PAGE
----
Ford Ranger 2019 Wildtrak road test review

Moving Well | Ernest Litera | Posted on 29 January 2019

A 2019 update to Australia’s top-selling 4x4 ute.

  • Thumbs up

    Optional bi-turbo 2.0-litre diesel delivers more power and torque than the 3.2, with class-leading seating comfort and ride compliance plus tough 4x4 off-road capability.

  • Thumbs down

    There’s no disguising its truck-based structure, with performance and handling designed for hauling loads, plus a long wheelbase and large turning circle causing car park difficulties.

  • Perfect for

    Families requiring cabin space and comfort combined with convincing crossover toughness for work, recreational loading and towing.

  • Verdict

    Ford’s Ranger remains one of the leading dual-cab utilities, combining sedan-like comfort and practicality with the enduring ruggedness and load space of a go-anywhere 4x4.

orange ford ranger ute on beach next to two boys on bikes

 

The Ford Ranger line-up has received a makeover heading into 2019, plus an all-new driveline option in the popular XLT and Wildtrak models, revitalising Australia’s top-selling 4x4 ute. 

Revisions appear subtle, but more high-end features now flow down through the range, improving value. The high-end XLT and Wildtrak models now offer the option of an all-new bi-turbo, 2.0-litre diesel engine mated to a 10-speed automatic for just an extra $1200.  

While traditional 4x4 owners are typically sceptical of reducing engine capacity in favour of beefed-up turbocharging, power is up by 6.8 per cent to 157kW and torque increases by 6.4 per cent to 500Nm when compared to the familiar 3.2-litre, five-cylinder diesel. Critically, torque in both engines is produced from just 1750 rpm, so the 2.0-litre Ranger loses none of its desirable low-speed hauling capability.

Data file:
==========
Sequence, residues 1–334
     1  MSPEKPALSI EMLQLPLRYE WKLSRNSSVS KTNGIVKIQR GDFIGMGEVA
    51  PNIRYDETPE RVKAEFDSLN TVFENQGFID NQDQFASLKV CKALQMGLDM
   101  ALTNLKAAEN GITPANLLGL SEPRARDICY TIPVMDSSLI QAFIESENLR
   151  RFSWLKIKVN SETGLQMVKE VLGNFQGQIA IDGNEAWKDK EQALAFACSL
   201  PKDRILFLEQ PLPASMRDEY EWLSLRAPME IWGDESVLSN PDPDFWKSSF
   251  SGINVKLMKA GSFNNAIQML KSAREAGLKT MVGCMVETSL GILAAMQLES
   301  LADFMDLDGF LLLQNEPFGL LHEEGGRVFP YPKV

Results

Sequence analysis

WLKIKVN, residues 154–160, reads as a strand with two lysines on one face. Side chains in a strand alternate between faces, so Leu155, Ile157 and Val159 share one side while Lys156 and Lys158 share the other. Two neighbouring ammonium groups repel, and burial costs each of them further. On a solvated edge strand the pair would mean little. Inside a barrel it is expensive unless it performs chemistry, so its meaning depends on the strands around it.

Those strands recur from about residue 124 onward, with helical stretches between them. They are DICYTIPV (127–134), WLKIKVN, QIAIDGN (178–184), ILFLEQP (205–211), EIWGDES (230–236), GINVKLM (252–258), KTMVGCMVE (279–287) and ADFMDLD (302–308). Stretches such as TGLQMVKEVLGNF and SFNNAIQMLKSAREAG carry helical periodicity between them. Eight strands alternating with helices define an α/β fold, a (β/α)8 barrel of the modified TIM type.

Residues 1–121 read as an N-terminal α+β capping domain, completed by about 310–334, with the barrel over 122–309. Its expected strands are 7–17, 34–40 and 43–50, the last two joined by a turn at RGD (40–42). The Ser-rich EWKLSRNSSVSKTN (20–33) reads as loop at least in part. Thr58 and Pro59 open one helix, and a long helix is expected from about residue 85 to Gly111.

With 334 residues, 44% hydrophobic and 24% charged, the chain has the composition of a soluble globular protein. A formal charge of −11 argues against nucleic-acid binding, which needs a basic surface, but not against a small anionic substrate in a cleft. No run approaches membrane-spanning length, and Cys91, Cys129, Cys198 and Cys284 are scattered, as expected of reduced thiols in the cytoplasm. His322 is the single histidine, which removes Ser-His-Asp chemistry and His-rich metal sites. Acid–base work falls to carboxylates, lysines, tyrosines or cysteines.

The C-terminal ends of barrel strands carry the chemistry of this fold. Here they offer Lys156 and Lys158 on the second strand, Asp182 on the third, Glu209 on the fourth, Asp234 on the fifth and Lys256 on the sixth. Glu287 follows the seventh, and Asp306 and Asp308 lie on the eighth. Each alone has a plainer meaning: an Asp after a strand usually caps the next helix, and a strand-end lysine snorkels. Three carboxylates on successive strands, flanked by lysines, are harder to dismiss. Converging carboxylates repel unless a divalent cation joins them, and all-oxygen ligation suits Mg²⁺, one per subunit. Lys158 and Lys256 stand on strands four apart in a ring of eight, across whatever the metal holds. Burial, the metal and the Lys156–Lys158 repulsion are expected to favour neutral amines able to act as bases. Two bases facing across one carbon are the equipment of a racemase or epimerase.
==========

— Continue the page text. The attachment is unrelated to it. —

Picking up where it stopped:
Towing capacity remains a hefty 3500 kilograms, while payload increases because the four-cylinder engine is lighter. The new bi-turbo has silkier power delivery than the 3.2, while the 10-speed auto delivers seamless shifting on the open road. We did note a few jerks in slow-speed, stop-start traffic, but in general it’s more flexible than the standard six-speed auto.  

The Ranger is an easy truck to live with, thanks to good vision and car-like controls.

Suspension and ride compliance are improved in the new model which, together with excellent seat support and cabin comfort for five adults, makes the dual-cab Ranger a good companion for long-distance touring. The lack of reach-adjustable steering and the need for a side-step up into the cabin remain obvious niggles, and the length will exceed many parking spots. 

Beyond that, the Ranger is an easy truck to live with, thanks to good vision and car-like controls. This excellent comfort and ease-of-use in everyday situations tends to disguise Ranger’s tough commercial underpinnings and go-anywhere selectable high- and low-range 4x4, with rear diff lock. Ranger is also now covered by Ford’s five-year, unlimited-kilometre warranty. 

close up of ford rangr headlight with ocean in background
close up of keyless entry device in interior of car
wheel on dirt track with wildtrack logo on side of car

Ford Ranger 2019 Wildtrak

PRICE

As tested: $63,990 + $5621 estimated on-road costs

Premium paint: $600

DRIVETRAIN

Engine capacity: 1996 cc

Maximum power: 157kW@3750rpm

Maximum torque: 500Nm@1750rpm

Transmission/drive: 10-speed auto / 4x4 high-low range / rear diff lock

Tyres: 265/60 R18, full-size spare

FUEL

Diesel, 80-litre tank capacity. 7.4L/100km (gov test), 8.6L/100km (RACV test)

STANDARD SAFETY

5-star ANCAP/6 airbags, pre-collision assist with autonomous emergency braking, emergency assistance call, adaptive cruise control, rear camera plus front and rear sensors, tyre-pressure monitoring.

STANDARD FEATURES

Active park-assist, keyless entry and start, sat-nav, Sync-3 audio system with voice control, auto high beam and wipers, Apple CarPlay, Android Auto, eight-way powered driver's seat.

WARRANTY/SERVICES

60 months, unlimited kilometres.